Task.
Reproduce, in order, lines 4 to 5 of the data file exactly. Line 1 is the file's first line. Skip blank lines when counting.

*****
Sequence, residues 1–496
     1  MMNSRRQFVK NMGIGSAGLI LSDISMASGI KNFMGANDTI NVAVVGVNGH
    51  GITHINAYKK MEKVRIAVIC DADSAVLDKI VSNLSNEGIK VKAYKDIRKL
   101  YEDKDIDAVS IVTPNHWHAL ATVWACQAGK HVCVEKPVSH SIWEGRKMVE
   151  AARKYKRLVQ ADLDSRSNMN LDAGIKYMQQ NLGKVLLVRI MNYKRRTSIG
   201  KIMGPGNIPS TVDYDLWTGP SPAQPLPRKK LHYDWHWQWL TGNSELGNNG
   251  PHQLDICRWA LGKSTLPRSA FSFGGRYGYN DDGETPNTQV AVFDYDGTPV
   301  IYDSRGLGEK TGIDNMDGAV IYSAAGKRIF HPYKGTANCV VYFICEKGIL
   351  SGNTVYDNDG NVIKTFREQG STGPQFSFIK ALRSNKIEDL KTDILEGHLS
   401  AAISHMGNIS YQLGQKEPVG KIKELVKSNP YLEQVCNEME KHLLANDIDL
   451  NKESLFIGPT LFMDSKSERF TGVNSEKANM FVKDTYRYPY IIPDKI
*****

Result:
   101  YEDKDIDAVS IVTPNHWHAL ATVWACQAGK HVCVEKPVSH SIWEGRKMVE
   151  AARKYKRLVQ ADLDSRSNMN LDAGIKYMQQ NLGKVLLVRI MNYKRRTSIG